Are there any benefits?
Stimulative feeding is done to try to encourage the queen to lay more eggs, so the colony will build up quicker to take advantage of an early nectar flow, such as oil seed rape (OSR). It is an old idea that was advocated long before OSR was grown widely and is mentioned in many of the older books.
I believe the origin of "thin syrup", made from 1lb sugar/pint of water, is that it was used for spring stimulation in the belief it made the bees think there was a nectar flow. Some modern beekeepers also feed proprietary stimulants.
In my early days in beekeeping, I practiced stimulative feeding, but I didn't think it always had the effect it should have had. I suspect it works much better in colonies with prolific queens, but I found that if the colony had enough stores it would build up well enough on its own.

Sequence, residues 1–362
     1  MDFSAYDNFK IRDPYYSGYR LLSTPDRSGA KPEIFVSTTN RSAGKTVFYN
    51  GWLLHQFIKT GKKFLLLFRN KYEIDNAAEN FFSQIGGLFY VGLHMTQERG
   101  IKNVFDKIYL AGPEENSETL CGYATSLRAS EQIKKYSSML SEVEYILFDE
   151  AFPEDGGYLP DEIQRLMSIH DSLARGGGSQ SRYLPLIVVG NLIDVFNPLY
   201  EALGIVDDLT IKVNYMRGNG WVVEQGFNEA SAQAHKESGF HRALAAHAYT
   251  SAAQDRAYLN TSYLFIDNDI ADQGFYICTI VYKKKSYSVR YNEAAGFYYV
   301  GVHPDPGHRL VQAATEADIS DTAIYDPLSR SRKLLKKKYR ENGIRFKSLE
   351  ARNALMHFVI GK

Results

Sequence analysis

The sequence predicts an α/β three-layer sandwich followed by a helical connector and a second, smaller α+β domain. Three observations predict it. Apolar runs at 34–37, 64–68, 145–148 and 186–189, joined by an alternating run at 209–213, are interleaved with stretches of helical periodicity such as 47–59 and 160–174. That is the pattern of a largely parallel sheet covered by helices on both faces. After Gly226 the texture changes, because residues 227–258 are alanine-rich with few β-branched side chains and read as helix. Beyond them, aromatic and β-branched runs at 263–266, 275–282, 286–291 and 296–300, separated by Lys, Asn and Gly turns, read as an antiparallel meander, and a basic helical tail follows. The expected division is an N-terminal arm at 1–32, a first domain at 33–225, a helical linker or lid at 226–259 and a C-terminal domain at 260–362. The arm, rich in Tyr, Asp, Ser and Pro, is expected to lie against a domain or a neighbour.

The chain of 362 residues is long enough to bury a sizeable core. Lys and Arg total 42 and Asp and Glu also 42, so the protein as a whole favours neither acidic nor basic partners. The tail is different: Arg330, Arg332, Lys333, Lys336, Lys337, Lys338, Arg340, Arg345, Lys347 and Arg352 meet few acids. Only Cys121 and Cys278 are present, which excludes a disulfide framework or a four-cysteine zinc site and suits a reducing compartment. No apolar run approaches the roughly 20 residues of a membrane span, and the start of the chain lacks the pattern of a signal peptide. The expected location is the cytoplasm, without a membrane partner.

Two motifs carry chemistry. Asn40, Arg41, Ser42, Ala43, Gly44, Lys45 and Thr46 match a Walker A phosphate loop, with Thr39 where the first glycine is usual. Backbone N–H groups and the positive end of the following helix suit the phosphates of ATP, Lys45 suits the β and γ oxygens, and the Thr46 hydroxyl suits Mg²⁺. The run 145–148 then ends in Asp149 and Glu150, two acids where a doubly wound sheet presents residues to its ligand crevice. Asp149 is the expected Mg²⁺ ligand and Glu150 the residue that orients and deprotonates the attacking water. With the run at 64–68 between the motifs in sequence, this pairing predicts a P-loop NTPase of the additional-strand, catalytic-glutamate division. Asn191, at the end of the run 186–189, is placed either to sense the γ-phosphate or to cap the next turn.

Although I live in the south of England, we can still have frosts until May, when bees can go back into semi-cluster. My concern has always been that if the brood nest is stretched, the outer areas of brood will be the ones to suffer. Also, if the ratio of brood is too high compared to the number of nurse bees to look after it, I think there may be a nutrition problem, allowing disease to erupt, chalk brood in particular, but possibly EFB as well. It seems to me that whenever you push something falsely, the weaknesses appear.
Michael Bush, on his website has brought together some quotes from well known beekeepers who have been opposed to stimulative feeding. I accept that most of them are American, but they have prolific bees that are likely to gain most benefit from stimulative feeding.
Page created 14/05/2013
Page updated 04/09/2022